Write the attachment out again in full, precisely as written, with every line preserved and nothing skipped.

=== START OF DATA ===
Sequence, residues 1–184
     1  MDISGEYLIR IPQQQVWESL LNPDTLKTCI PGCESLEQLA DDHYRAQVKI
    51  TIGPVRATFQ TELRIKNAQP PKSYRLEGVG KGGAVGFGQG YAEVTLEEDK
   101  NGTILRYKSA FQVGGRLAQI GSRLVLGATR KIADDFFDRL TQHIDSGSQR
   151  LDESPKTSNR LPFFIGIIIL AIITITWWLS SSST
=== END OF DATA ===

Sequence, residues 1–184
     1  MDISGEYLIR IPQQQVWESL LNPDTLKTCI PGCESLEQLA DDHYRAQVKI
    51  TIGPVRATFQ TELRIKNAQP PKSYRLEGVG KGGAVGFGQG YAEVTLEEDK
   101  NGTILRYKSA FQVGGRLAQI GSRLVLGATR KIADDFFDRL TQHIDSGSQR
   151  LDESPKTSNR LPFFIGIIIL AIITITWWLS SSST